|Overall, this revised manuscript provides an excellent proof of concept for using Early Warning Indicators (EWI) as a tool for diagnosing the Marine Ice Sheet Instability in ice sheet model simulations. The revision now also serves as an excellent primer on the theory and practice of calculating EWIs that will be useful to those in the glaciology community who are new to this topic. My overall recommendation is that this paper is now close to being ready for publication, with a few more suggestions, which could be classified as "minor".|
My more substantive suggestions:
1. In my original review I was fairly convinced that this study primary utility was as a proof of concept for showing how EWI could be identified observationally for MISI. However, in this version, it isn't until lines 352-354 that it became clear to me the exact utility of using EWI-type analysis on simulation output, beyond as a proof of concept. Here the authors state that this approach could be useful to lower the computational expense needed to verify the presence of bifurcations in a model simulations (i.e. without very long simulations). As a modeler, I find this to be a compelling argument, and should be front and center in the paper, particularly in the first section where you are trying to entice readers to continue learning more about EWIs.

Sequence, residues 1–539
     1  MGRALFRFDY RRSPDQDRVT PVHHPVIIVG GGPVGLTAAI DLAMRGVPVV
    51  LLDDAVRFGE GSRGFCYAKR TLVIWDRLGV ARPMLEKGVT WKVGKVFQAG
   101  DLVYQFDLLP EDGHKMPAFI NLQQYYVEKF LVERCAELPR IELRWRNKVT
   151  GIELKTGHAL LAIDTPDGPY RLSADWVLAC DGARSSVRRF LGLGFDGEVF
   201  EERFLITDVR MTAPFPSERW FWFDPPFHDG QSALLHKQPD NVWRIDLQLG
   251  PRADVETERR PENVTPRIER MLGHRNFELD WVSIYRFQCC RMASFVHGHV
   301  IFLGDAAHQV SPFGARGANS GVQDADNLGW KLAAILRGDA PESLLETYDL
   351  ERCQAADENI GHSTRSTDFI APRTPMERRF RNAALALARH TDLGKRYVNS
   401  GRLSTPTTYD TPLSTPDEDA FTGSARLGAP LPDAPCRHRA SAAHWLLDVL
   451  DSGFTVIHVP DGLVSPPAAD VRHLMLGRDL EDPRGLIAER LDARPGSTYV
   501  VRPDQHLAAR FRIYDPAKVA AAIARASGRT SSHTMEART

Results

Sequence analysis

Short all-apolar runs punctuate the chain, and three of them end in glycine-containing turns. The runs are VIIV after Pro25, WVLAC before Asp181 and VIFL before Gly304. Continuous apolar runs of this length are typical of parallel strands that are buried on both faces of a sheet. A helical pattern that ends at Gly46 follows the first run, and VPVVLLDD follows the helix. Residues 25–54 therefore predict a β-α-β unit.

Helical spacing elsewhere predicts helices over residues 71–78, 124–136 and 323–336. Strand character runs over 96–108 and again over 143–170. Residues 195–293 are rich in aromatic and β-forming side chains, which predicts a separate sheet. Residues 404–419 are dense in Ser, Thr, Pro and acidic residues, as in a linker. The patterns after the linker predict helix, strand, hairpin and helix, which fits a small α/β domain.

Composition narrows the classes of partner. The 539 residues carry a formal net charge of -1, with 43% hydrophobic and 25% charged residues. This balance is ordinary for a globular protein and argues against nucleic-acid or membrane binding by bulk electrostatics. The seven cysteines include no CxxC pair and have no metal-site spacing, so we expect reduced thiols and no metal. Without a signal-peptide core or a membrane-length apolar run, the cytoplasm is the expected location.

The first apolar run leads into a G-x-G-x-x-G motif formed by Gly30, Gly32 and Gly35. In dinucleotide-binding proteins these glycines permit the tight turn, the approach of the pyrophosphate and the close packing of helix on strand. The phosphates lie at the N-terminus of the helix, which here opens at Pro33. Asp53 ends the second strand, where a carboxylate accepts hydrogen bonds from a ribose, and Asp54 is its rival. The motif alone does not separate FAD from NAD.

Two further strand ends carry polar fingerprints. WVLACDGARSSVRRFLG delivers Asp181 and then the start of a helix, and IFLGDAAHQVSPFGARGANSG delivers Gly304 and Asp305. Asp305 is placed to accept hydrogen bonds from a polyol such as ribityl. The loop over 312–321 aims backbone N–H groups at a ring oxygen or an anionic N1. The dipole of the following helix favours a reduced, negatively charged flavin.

2. Not to hammer too hard on the window length issue, but I think there needs to be a bit more discussion of two points.
(a) First off, on lines 280-282, you state 300 years is "the shortest window size for which the DFA indicator provides an accurate prediction for all tipping event". What does "accurate" mean in this context? From Figure 7, I would guess you mean where Kendall's Tau has a maximum, but why does that make this window the most accurate way to determine whether a tipping point will occur? In principal, wherever 0<tau<1 is indicative of increasing indicator, so one could argue that window lengths anywhere from 200 to 400/500 years seem to work in this regard.
(b) There is also still not much investigation of window lengths relevant to observational time scales (i.e. decades). I wonder if increasing the forcing rate to levels that might be relevant to modern climate change (i.e. degrees/century) would make short window lengths more useful? This is perhaps beyond the scope of the paper, but if its computationally feasible to run a few simulations with higher forcing rate, and re-calculate figure 7 for those forcing rates, you could begin to answer the questions of whether it would be possible to use modern observations to calculate EWIs.